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Tuesday, January 22, 2013

Science in Action: Las Vegas - Making the Desert Bloom

            Question. Where can you go and visit Egypt, Sherwood Forest, New York, a tropical island, a Pirate’s island, Monte Carlo, the Italian Riviera, jet skiing on a large lake or snow-skiing on a nearby, 14,000 foot mountain all in a day? Las Vegas now boasts the eighth busiest airport in the United States and the tenth in the world. When you count tourists and convention delegates at 32 million each year, their isn’t any city busier. The closest comparison would be the crowds visiting the Orlando area attractions, the busiest multi-city area in the US. So what’s the problem? It isn’t what you think. Yes, Las Vegas receives less than 4 inches of rain each year. Yes, the summertime temperatures soar above 110 for long periods of time in the summer. Yes, the humidity is usually below 10 percent and the wind speed is usually among the highest in the Southwest. But many places  in the desert Southwest are like that.

Corrosion to sidewalk from salts
            It is the soil. The soils in Las Vegas are among the worst of any major city in the world. Native desert soils have salt levels 25 times higher than most Extension Services would consider safe. Boron levels, where one ppm can be considered lethal for many plants, can exceed 40 ppm in isolated pockets designated for development. With pH levels often over 8.5, sodium  and caliche change the soils so much that they require picks or jack hammers for planting. Las Vegas soils are frequently very high in gypsum. The gypsum levels are so high that there are two gypsum wall board plants in the area. The sulfates contained in gypsum can be extremely damaging to unprotected steel and concrete. Water has been cheap in Las Vegas in the past. This, combined with the efforts to promote tourism and gaming here, has created an artificial, desert rainforest in the urban areas. The highly soluble gypsum has dissolved in these irrigated desert soils, leaving voids that are filled by collapsing soils that damage walls, foundations, roads and structures. The Colorado River water used for irrigating in Las Vegas contains one ton of salts per acre foot. What does that mean to residents? A normal lawn irrigated in Las Vegas will receive about 600 pounds of salt each year.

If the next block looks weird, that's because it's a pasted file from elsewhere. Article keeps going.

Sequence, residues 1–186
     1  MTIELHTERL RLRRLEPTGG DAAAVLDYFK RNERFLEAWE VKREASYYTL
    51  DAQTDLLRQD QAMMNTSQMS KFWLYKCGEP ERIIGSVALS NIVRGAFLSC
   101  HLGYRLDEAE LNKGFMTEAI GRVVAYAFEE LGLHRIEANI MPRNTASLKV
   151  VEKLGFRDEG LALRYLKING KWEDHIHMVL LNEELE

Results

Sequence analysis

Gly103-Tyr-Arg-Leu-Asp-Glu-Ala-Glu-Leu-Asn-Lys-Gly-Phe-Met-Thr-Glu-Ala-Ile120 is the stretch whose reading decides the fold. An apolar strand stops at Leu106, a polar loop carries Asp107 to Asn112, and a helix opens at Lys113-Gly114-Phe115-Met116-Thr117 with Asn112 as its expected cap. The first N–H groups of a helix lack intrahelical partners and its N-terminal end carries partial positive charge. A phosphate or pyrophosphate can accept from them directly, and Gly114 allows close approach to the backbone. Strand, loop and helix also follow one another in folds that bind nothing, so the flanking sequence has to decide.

Salt damage to block walls due to salt in soil and water
            Even with its problems, the gardening season in Las Vegas extends through most of the year. The heaviest planting season is in the spring but fall planting is a regular and growing practice with Las Vegas residents. Most major nurseries like the string of Star and Plant World nurseries operate throughout the year with some seasonal sales during the slow months at Christmas. There are essentially no wholesale growers in southern Nevada. In fact, there has never been an attempt at wholesale growing since the population and growth spurt after 1984. Currently, Las Vegas is a retail market in nursery goods with wholesalers from the surrounding states. Major plant sales are through direct sales or plant brokers. The use of color in business complexes, hotels and wholesaling to mass merchandisers like Wal-Mart, Kmart, Target, Home Depot and Builder’s Square and nurseries is big in Las Vegas with the dollars all going out-of-state. Yet publications and syndicated talk shows claim that Nevada is the number one state in which to establish a new business.

Las Vegas Valley Water District Desert Landscape Award Winner
            Las Vegas is a service-oriented town. The 4 - 6,000 people who moved to the area each month until a few years ago come here with the expectations of a 24 hour town and having a good time. Many want the freedom that service companies provide to avoid the heat and have the time to enjoy a 24 hour town. Rough estimates of the percentage of residents using lawn maintenance companies would put it at about 10 percent. The traditional grass/tree/shrub landscapes are becoming a thing of the past because of increasing water costs and environmental awareness. Because of a heightened awareness in conserving water and sensitivity to the desert environment, there has been a growing trend toward a dry-type of landscaping. Desert-adapted plants and examples of the Sonoran desert landscape “feel” have been becoming more attractive to new residents. This has presented installation and maintenance problems to old time landscapers who “grew up” with the old Las Vegas mentality of “keep it green” and “green side up”.